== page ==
Research into the relationship between running and joint cartilage, known as articular cartilage, is consistent with the opinion of Blaise Dubois. Several studies have been conducted on the effect of running on articular cartilage in animals, for example, Intensity-Dependent Effect of Treadmill Running on Knee Articular Cartilage in a Rat Model.

The conclusion of this study was that articular cartilage could adapt to the mechanical stresses of physical activity.

It was suggested that running, up to a certain point, can maintain the health and integrity of the cartilage. They stated that there is a limit to the safety of this activity, and stress above this limit can damage cartilage. While this cutoff point is difficult to define and likely has a large variation between individuals, it is consistent with the fact that elite runners have a greater prevalence of arthritis compared to recreational runners.

Lower Body Mass Index (BMI)

Another reason why running may be protective against arthritis is that it helps to maintain a lower body weight, which has been shown to be protective for hip and knee osteoarthritis. While this doesn’t account for the increased risk of arthritis in elite runners, it is likely a contributor for the decreased risk of recreational runners compared to more sedentary individuals.

Research has shown that for each pound of weight loss, it can reduce the stress on the knees by about four pounds and the hips by about two pounds. Less pressure on these weight-bearing joints results in less wear and tear and a lower risk of arthritis. Several studies have found that, among other risk factors, having a lower Body Mass Index (BMI) showed the greatest correlation for not developing hip and knee arthritis.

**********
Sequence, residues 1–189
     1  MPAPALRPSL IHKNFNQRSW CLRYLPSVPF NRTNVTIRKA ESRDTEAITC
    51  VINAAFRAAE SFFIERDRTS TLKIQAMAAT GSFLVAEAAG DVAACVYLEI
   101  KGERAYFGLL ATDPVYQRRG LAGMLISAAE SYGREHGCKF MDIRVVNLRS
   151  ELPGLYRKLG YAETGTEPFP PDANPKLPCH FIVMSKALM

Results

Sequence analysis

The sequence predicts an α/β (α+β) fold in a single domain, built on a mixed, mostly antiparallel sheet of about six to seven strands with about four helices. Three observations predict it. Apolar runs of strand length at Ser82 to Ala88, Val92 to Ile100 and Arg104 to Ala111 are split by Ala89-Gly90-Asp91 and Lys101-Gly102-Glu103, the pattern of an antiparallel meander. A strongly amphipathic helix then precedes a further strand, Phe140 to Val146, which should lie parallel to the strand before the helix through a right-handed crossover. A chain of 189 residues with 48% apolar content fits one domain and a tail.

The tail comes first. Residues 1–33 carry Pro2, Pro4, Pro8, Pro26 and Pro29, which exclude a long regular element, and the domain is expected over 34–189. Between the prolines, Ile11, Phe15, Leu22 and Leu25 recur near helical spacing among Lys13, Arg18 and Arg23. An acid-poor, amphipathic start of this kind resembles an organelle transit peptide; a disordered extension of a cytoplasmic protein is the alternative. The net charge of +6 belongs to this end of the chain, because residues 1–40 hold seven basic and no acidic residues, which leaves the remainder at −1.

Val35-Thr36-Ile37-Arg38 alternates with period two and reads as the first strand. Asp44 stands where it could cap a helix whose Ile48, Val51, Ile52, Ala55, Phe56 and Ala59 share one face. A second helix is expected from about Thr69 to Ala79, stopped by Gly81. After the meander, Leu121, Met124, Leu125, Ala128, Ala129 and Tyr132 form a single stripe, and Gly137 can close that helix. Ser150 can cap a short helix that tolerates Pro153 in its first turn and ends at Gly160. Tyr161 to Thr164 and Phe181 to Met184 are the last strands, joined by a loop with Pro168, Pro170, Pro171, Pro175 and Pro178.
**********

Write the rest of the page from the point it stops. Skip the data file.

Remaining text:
Maintaining a healthy weight, which can be aided by running, can also reduce inflammation in the body. This is important because inflammation is another known risk factor for osteoarthritis.

Overall Force Per Stride

A third reason is a bit more technical, but it is also very important. If you ask most people if walking or running places less stress on the lower extremities, walking would be the obvious choice. This answer is true in terms of peak load per stride, which is the highest level of stress placed on the bones, joints, and muscles when the foot is in contact with the ground.

Certain characteristics of running, however, make the average load accumulated per stride comparable to walking. This was a proposed mechanism for the lack of correlation between running and arthritis in the study Joint Loading in Runners Does Not Initiate Knee Osteoarthritis. We’ll begin with peak load per stride. During the single-leg stance phase of running, when one foot is in contact with the ground, you have the force of about 2.5 times your body weight placed on your leg.